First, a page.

The United States Public Policy

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Healthcare has been at the forefront of United States public policy for decades. Ever since President Roosevelt proposed healthcare reform during his 1912 run for president, reform has been a policy position often espoused in American politics, culminating with Social Security in the 1930s, Medicare in the 1960s, and finally the Affordable Care Act in 2010 (Palmer 1). While the goal of the Affordable Care Act is to provide care for every American, the United States has never fully adopted a single payer system; a healthcare system that provides universal care to every American. Furthermore, current systems within the United States that maintain single-payer attributes are subject to scrutiny from politicians and activists alike. While…show more content…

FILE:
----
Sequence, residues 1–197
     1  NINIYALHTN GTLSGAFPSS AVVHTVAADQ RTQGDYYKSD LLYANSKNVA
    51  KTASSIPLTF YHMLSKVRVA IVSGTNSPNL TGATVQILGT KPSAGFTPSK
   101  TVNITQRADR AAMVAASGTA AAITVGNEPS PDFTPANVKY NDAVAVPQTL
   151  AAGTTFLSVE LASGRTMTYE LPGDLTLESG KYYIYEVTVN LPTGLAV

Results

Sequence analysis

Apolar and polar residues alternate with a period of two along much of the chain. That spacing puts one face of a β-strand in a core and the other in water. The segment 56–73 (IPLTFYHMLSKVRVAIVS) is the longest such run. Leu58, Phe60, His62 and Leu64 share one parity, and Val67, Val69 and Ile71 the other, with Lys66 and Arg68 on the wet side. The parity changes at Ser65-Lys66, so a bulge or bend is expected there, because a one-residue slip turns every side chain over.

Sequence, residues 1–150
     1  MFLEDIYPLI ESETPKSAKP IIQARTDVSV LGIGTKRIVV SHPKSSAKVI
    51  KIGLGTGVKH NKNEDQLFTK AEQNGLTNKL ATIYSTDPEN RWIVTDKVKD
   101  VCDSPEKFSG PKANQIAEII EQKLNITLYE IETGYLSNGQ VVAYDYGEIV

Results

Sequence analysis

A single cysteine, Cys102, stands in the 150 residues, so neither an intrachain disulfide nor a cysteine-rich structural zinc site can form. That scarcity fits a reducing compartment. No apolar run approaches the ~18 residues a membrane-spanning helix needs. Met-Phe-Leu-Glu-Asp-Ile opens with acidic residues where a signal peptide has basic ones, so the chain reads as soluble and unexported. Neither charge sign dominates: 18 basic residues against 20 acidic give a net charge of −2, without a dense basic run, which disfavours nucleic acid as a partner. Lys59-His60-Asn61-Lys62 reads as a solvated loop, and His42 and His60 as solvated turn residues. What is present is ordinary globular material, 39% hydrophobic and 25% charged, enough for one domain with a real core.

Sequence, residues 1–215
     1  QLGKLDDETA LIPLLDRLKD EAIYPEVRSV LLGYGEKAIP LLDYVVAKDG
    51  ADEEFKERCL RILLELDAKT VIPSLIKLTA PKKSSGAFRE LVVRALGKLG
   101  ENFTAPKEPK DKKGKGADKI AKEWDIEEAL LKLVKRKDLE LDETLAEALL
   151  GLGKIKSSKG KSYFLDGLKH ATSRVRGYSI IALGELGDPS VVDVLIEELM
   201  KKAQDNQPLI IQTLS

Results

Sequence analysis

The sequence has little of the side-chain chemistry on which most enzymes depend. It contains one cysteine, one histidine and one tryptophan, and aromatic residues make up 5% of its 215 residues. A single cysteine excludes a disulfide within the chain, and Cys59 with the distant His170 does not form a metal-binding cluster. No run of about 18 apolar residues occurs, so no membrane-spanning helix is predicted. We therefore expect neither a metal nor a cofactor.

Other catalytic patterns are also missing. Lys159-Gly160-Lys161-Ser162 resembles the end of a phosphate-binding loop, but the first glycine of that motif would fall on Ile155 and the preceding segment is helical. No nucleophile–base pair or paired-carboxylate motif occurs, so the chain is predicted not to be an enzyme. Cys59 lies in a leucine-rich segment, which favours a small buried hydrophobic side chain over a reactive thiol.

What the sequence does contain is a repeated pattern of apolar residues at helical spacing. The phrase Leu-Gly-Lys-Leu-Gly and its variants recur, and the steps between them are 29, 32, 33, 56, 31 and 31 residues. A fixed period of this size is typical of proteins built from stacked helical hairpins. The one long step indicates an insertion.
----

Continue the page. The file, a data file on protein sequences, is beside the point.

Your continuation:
In the article “What is Single Payer”, Physicians for a National Health Program define single-payer healthcare as “national health insurance…” whereas “...All residents of the U.S. would be covered for all medically necessary services...” (1-2). This is, of course, in stark contrast to the United State’s former system: employer based health insurance. Public opposition to the system undoubtedly lead to the Affordable Care Act (which fits within the aforementioned definition), and many wish to continue these reforms. Physicians for a National Health Program, a group that supports single payer, contend that a single payer system is necessary, for their estimates show that, “premiums would disappear; 95 percent of all households would save money” under a single payer system (2). Nevertheless, the promises of more productive and accessible care are at odds with certain findings. Deane Waldman, author of “Articles: Five Strikes Against Single Payer Healthcare” found that, historically, there have been five recurring problems associated with single payer healthcare: price controls, long waiting periods, rationing of care, inefficiency, and exorbitant costs. Waldman explains that price controls, such as price caps on pharmaceutical drugs which, in turn, destroyed Italy’s pharmaceutical industry (3-4). Waldman continues by elaborating on the woes of Canada’s system, suggesting that some Canadians literally died while waiting for care. She argues that care was
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